The five companies had offices and plants in Endicott and Binghamton, New York. C.. They manufactured machinery for sale and lease, ranging from commercial scales and industrial time recorders and cheese slicers, to tabulators and punched cards. Thomas J. Watson, Sr. fired from the National Cash Register Company by John Henry Patterson, called on Flint and, in 1914, was offered a position at CTR. Watson joined CTR as General Manager 11 months was made President when court cases relating to his time at NCR were resolved. Having learned Patterson's pioneering business practices, Watson proceeded to put the stamp of NCR onto CTR's companies, he implemented sales conventions, "generous sales incentives, a focus on customer service, an insistence on well-groomed, dark-suited salesmen and had an evangelical fervor for instilling company pride and loyalty in every worker". His favorite slogan, "THINK", became a mantra for each company's employees. During Watson's first four years, revenues reached $9 million and the company's operations expanded to Europe, South America and Australia.
Watson never liked the clumsy hyphenated name "Computing-Tabulating-Recording Company" and on February 14, 1924 chose to replace it with the more expansive title "International Business Machines". By 1933 most of the subsidiaries had been merged into one company, IBM. In 1937, IBM's tabulating equipment enabled organizations to process unprecedented amounts of data, its clients including the U. S. Government, during its first effort to maintain the employment records for 26 million people pursuant to the Social Security Act, the tracking of persecuted groups by Hitler's Third Reich through the German subsidiary Dehomag. In 1949, Thomas Watson, Sr. created IBM World Trade Corporation, a subsidiary of IBM focused on foreign operations. In 1952, he stepped down after 40 years at the company helm, his son Thomas Watson, Jr. was named president. In 1956, the company demonstrated the first practical example of artificial intelligence when Arthur L. Samuel of IBM's Poughkeepsie, New York, laboratory programmed an IBM 704 not to play checkers but "learn" from its own experience.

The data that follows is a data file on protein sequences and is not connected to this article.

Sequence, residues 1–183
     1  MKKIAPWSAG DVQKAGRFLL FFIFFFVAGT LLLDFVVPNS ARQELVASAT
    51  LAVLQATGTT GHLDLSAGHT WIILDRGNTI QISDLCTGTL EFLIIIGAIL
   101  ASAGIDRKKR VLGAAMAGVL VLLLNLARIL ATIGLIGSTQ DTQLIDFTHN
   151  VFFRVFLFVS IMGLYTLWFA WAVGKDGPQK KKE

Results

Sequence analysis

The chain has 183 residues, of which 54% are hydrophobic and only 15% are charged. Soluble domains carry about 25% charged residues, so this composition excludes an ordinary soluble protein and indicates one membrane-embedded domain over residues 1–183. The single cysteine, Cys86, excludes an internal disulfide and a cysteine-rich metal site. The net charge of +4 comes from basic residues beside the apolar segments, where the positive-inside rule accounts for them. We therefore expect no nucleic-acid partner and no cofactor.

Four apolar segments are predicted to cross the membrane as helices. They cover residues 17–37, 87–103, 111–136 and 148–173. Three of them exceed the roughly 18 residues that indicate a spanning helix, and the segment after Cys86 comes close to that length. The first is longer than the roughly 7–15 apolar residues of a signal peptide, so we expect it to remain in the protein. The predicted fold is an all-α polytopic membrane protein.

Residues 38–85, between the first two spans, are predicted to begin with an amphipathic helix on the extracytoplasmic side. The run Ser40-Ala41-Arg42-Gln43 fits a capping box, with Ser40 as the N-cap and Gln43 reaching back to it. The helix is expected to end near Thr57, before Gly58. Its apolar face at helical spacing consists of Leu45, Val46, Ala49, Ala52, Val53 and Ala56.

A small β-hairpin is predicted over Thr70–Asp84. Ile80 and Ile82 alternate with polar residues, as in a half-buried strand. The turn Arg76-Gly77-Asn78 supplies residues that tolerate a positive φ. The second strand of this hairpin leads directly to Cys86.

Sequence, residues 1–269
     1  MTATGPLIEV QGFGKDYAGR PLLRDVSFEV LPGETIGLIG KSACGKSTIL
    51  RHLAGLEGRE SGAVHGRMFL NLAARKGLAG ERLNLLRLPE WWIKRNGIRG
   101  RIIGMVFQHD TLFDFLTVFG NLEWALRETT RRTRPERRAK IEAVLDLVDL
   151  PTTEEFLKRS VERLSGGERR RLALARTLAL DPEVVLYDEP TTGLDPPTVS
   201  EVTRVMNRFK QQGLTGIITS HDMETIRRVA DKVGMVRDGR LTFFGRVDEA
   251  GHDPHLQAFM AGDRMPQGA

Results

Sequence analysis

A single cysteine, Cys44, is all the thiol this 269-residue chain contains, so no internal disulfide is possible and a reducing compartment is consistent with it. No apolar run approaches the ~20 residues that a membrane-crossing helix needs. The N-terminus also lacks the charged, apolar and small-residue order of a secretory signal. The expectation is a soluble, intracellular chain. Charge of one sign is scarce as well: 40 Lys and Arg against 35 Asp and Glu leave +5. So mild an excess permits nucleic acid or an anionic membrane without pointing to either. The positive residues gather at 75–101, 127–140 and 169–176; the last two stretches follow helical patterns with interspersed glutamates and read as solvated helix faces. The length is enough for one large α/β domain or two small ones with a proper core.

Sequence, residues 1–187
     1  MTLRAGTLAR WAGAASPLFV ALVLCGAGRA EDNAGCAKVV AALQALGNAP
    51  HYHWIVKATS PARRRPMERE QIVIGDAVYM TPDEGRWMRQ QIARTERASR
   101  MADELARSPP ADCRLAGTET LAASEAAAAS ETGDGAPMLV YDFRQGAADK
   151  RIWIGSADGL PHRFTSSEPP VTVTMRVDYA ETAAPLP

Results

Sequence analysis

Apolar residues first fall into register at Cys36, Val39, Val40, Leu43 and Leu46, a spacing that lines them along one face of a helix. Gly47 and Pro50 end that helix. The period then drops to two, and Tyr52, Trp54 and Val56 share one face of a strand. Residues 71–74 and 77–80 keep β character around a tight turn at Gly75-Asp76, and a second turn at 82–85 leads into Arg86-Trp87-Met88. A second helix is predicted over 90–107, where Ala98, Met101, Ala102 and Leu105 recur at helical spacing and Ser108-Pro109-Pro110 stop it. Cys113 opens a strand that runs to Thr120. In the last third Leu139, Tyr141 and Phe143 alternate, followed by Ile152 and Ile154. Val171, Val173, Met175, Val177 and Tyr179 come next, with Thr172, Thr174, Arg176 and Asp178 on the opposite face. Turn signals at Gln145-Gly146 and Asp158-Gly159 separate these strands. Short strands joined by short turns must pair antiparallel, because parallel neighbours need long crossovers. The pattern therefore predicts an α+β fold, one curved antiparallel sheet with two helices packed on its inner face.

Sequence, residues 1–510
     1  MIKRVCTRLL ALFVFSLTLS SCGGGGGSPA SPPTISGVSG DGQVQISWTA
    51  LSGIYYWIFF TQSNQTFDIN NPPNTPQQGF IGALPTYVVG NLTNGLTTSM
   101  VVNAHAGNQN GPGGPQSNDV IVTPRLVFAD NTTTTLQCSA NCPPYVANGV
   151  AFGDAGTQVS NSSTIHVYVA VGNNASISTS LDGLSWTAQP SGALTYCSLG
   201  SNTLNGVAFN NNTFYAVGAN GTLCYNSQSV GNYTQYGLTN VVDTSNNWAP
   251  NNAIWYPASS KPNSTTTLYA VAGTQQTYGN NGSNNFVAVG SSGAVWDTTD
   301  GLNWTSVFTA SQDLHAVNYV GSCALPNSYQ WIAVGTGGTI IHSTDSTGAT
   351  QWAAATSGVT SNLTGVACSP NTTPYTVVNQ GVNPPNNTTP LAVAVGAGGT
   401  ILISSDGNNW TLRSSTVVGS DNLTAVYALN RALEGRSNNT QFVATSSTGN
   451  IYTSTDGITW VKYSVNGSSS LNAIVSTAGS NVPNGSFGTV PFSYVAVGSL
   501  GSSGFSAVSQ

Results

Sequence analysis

In 1957, the FORTRAN scientific programming language was developed. In 1961, IBM developed the SABRE reservation system for American Airlines and introduced the successful Selectric typewriter. In 1963, IBM employees and computers helped. A year it moved its corporate headquarters from New York City to Armonk, New York; the latter half of the 1960s saw IBM continue its support of space exploration, participating in the 1965 Gemini flights, 1966 Saturn flights and 1969 lunar mission. On April 7, 1964, IBM announced the first computer system family, the IBM System/360, it spanned the complete range of commercial and scientific applications from large to small, allowing companies for the first time to upgrade to models with greater computing capability without having to rewrite their applications. It was followed by the IBM System/370 in 1970. Together the